Near the beginning, Anthes refers to a book called The Frankenstein Syndrome, in which the author posits that not all genetic engineering harms animals. I can only assume her own book’s title is loosely pulled from this idea. Though this review on Forbes.com offers an alternative explanation, that it’s a reference to a previous work of the same title.
Anthes explores using genetic engineering for seemingly harmless and frivolous applications, such as creating glow-in-the-dark fish whose luminescent chroma exist thanks to splicing jellyfish genes into zebrafish; and the use of biotech for things like inserting fake gonads into recently neutered dogs to make them (or their owners) feel less traumatized. But she also contemplates more productive applications of biotech, such as the genetic manipulation of goats to produce lysozyme, a component of human breast milk which has anti-diarrheal compounds; and the use of orthapedic prostheses to aid injured wildlife and pets with both “slip on” types as well as ones that are surgically implanted and fully integrated with the animal’s skeleton and tissues. She also delves into the use of remote-controlled insects as military robo-voyeuristic spies, as well as educational applications that use robo-cockroaches to bring neuroscience into any classroom or home in the world. Continue Reading »
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This is a sense-of-place essay I started writing before I became pregnant. It’s harder to find the time to ride now that Haydn is here. I still ride, though hardly as many miles as when I wrote this piece. I’m posting it now, finally, out of a sense of longing for wanting to get back to this place where I once was, this groove of being so intensely aware of the Blue Ridge Parkway, and of paying attention to how it changes day-to-day and season-to-season.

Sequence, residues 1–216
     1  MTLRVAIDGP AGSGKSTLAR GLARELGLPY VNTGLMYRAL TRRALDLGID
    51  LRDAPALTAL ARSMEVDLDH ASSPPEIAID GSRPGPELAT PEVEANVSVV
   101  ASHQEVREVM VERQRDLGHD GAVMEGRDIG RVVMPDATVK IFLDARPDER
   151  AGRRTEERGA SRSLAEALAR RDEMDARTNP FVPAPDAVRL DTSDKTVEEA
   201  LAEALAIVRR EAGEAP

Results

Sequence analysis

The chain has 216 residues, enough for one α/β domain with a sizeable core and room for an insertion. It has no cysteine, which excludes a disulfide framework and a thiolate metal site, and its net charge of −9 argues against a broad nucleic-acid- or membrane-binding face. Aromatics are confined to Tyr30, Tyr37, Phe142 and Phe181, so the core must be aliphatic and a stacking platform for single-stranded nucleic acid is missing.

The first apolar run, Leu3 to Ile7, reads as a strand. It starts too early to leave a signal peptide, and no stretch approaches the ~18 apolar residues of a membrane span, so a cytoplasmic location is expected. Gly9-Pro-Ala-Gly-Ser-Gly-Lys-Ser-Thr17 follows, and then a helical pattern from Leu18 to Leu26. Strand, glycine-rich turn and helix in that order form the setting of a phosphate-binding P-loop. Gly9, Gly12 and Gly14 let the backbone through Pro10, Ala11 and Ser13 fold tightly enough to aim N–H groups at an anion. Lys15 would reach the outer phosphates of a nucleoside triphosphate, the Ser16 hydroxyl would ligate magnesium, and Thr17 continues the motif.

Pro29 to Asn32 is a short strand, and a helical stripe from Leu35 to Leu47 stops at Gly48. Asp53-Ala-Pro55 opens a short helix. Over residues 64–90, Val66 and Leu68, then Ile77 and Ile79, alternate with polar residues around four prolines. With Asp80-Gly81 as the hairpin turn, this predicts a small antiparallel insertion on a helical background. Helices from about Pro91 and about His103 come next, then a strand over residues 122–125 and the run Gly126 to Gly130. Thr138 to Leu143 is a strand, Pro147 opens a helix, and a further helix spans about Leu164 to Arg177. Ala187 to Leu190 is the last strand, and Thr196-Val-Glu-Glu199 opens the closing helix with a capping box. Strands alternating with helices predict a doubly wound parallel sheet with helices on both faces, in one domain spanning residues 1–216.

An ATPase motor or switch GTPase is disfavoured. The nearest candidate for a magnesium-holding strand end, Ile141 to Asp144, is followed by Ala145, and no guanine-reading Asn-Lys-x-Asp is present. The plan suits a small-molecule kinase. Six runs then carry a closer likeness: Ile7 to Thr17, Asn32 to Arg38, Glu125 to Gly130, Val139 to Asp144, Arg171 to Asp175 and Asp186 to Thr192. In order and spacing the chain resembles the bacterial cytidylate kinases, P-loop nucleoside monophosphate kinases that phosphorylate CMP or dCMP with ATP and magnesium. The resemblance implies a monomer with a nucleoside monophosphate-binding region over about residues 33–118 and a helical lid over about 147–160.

Not far down the road from my home in Asheville is a shortcut through a sparse tree line that edges Bull Mountain Road. The humble dirt trail is a bit like the magical armoire in Narnia—when I pass through it I’m transported to a different world, the otherness of the Blue Ridge Parkway’s rolling black pavement, which snakes through the Appalachian mountains. I pick it up is southwest of Mt. Mitchell, elevation 6,683 feet, and the highest point in the East.
Five summers ago, my husband and I rode the entire Blue Ridge Parkway from north to south, all 469 miles in five days. We rode for three days, took a rest day in Asheville, and then finished in Cherokee two days later. I found the descent into Asheville thrilling — the road kept unfurling down, down, down. We lost elevation by the minute. I had no idea, then, that I would one day live a few minutes from that same stretch of parkway, and that I would be blessed enough to be able to ride it everyday of the week, if I so wished.